The thyroid is controlled by the hypothalamus and pituitary…remember those little guys?
The thyroid is one of the largest endocrine glands in the body. It is found in the neck just below the laryngeal prominence (Adam’s apple). The thyroid controls how quickly the body burns energy, makes proteins, and how sensitive the body should be to other hormones. The thyroid participates in these processes by producing thyroid hormones, principally thyroxine (T4) and triiodothyronine (T3). These hormones regulate the rate of metabolism and affect the growth and rate of function of many other systems in the body. Iodine is an essential component of both T3 and T4.
The thyroid also produces the hormone calcitonin, which plays a role in calcium balance or homeostasis.
Homeostasis is the state of normal function (‘natural health’ to us). We believe this is what the body will bring itself to when given all that is needed by it, i.e. minerals, vitamins, enzymes, amino acids, fatty acids, and all the other tiny pieces of the puzzle science thinks it has figured out.
Let’s talk about what wrong looks like. So many times in our society we just get used to dysfunction and start to think that it’s normal. Well, it’s not! Chronic fatigue is not normal. Wild weight gain is not normal. Neither is wild weight loss. The thyroid can be the source of these and other metabolic problems, but often it is not the root cause. We need to start expecting ‘health professionals’ to help fix the problem—not patch the effects of the problem until some other effect pops up from the so-called treatment.
Hypothyroidism Signs and symptoms include:
- Fatigue and weakness
- Weight gain with low calorie diet
- Morning headaches that wear off thru the day
- Hypersensitive to cold weather
- Poor circulation/numbness in hands/feet
- Muscle cramps while at rest
- More sleep needed to function normally
- Immune system problems
- Dry or brittle hair
- Loss of hair/falls out easily
- Dry skin
- Low axillary temp (armpit)
- Facial edema
- Loss of outside portion of eyebrows
Hypothyroidism is the underproduction of T3 and T4. It can be caused by congenital abnormalities, auto-immune disorders, iodine deficiency, or damage/removal of the thyroid. It is often treated by giving synthetic hormone replacers.
There are two types of deficiency in the hormone/ nutrional world—primary and secondary. Primary is when the needed nutrient/hormone is not physically present. Secondary is when the nutrients/ hormones are present but not able to be metabolized or used in the needed way. For example, Iodine is the primary nutrient needed for the thyroid to make T3 and T4. However it also must have amino acids (Tyrosine) from the breakdown of proteins in order to transport that Iodine.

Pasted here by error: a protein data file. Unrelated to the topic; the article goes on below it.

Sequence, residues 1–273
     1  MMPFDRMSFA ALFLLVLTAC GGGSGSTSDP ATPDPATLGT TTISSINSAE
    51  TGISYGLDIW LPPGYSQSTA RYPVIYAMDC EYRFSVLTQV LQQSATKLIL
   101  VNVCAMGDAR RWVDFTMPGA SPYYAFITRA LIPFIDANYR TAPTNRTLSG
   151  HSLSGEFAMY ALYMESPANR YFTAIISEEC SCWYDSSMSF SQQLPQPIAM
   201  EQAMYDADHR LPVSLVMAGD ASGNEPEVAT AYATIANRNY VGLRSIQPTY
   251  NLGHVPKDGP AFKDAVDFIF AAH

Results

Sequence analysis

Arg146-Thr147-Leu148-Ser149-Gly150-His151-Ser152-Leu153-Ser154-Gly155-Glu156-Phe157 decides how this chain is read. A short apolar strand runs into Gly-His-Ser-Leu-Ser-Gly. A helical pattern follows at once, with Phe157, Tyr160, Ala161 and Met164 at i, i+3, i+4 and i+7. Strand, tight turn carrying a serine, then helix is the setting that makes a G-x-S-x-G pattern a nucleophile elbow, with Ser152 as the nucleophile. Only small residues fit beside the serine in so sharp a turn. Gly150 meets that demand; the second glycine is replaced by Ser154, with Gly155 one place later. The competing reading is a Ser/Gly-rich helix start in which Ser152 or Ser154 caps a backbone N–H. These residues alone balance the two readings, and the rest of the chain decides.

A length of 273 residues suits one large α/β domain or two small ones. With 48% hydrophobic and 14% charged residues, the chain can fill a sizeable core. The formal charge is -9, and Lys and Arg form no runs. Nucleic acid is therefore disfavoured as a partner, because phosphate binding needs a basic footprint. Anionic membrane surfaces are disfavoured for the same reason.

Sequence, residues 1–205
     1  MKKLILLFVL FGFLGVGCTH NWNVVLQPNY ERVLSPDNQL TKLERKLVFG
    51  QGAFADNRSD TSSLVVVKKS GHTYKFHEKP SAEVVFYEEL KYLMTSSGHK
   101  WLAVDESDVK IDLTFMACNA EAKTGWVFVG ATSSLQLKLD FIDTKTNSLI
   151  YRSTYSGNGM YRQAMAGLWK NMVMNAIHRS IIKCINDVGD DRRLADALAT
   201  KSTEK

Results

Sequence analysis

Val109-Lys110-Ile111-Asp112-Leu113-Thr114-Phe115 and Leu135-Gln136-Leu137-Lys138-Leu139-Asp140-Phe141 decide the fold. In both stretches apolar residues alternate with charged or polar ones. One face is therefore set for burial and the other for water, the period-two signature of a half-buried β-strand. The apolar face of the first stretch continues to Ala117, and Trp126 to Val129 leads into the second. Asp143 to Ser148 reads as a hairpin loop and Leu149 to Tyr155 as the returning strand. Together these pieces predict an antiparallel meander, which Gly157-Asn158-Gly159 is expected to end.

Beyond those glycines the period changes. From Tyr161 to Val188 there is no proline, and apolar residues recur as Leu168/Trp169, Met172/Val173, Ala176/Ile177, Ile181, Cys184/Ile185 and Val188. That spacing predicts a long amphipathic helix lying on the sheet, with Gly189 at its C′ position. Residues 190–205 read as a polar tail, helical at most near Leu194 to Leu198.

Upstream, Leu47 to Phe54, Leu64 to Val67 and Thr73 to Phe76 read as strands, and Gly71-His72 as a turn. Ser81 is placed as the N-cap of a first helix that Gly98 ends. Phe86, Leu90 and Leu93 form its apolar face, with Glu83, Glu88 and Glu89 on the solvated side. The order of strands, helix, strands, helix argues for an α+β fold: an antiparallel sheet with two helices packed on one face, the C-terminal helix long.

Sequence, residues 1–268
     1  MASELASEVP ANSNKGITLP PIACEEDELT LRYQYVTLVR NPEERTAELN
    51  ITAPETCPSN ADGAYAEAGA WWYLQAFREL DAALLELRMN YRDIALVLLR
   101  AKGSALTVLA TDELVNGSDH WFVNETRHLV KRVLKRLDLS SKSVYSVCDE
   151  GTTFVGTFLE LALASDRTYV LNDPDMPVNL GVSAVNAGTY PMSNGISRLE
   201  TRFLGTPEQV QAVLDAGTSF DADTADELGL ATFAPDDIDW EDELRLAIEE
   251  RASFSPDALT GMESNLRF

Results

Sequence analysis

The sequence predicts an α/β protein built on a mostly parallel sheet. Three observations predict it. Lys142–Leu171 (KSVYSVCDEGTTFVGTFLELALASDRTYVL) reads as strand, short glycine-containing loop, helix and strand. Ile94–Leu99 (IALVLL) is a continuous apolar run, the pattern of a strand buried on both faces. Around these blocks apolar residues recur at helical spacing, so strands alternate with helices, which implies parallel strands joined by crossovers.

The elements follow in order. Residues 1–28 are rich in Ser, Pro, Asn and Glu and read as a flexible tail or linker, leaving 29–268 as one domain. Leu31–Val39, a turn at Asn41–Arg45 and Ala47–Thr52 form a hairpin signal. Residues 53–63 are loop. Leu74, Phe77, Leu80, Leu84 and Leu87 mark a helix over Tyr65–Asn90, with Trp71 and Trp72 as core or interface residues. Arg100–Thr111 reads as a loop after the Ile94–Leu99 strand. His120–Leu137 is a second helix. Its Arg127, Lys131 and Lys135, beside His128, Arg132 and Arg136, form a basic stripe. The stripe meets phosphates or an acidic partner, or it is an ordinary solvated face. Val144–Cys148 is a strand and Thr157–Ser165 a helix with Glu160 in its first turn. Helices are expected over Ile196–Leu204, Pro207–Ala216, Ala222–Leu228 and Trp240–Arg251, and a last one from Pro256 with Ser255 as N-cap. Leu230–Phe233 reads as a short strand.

Also, keep in mind those ‘master glands’ the Hypothalamus and Pituitary—if they’re not getting what they need they’re not going to direct the Thyroid correctly either.
Talk about a ‘chicken or the egg’ conundrum! Maybe a better first approach would be a diet change to balance ph, provide enzymes, supply non-GMO fresh and local proteins, carbs, and fats, and try a quality whole food vitamin/mineral supplement. Why not try this before taking synthetic hormones? The monetary price tag may be higher for this route because most health insurance doesn’t subsidize it, but hey-you can’t wait on the government to get things right! :)
Productive exercises common this time of year are snow shoveling and raking leaves. If you need a hard work out, try adding a HIIT workout in between shoveling your neighbors sidewalk. HIIT (High Intensity Interval Training) has a higher pay-off metabolically for a smaller time investment--usually 20 minutes or less if you're not cheating yourself. Check out some of the free apps for workout generators available on your phone. I love snow shoveling and raking leaves in the cool weather as part of a warm up or cool down activity before or after exercise.
Another diet tweak to try if you don't already is sprouted grains. The nutritional value of grains after sprouting is much greater than before. The extra enzyme, protein, mineral, and vitamin content supports healthy endocrine function. The easiest one we've found is the humble lentil. I'll soak a cup of the dry lentils in a 2 quart mason jar with 3 cups of water (they really expand a lot!) overnight. In the morning I rinse well and pour them into a stainless steel colander on a plate with a dish towel over top and leave at room temp. By dinner time that night the magic lentils will have popped open and started to send out their shoot. These are perfect tender nuggets for salads or added to soups and stews after the cooking is done on cold winter days.
A small step in the right direction of our health journey is to balance ph—next time we’ll talk about how and why to do it (did you know Iodine has a very narrow range of body ph where it can be used effectively?).
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*These statements have not been evaluated by the FDA. This information is for informational purposes only—it’s your body and nobody cares more about it than you! This information is not meant to diagnose, treat, or prescribe anything. If you feel you have a medical need, see the healthcare provider of your choice.
Shout out to NaturalHealthSolutionsPHC.com for some content source.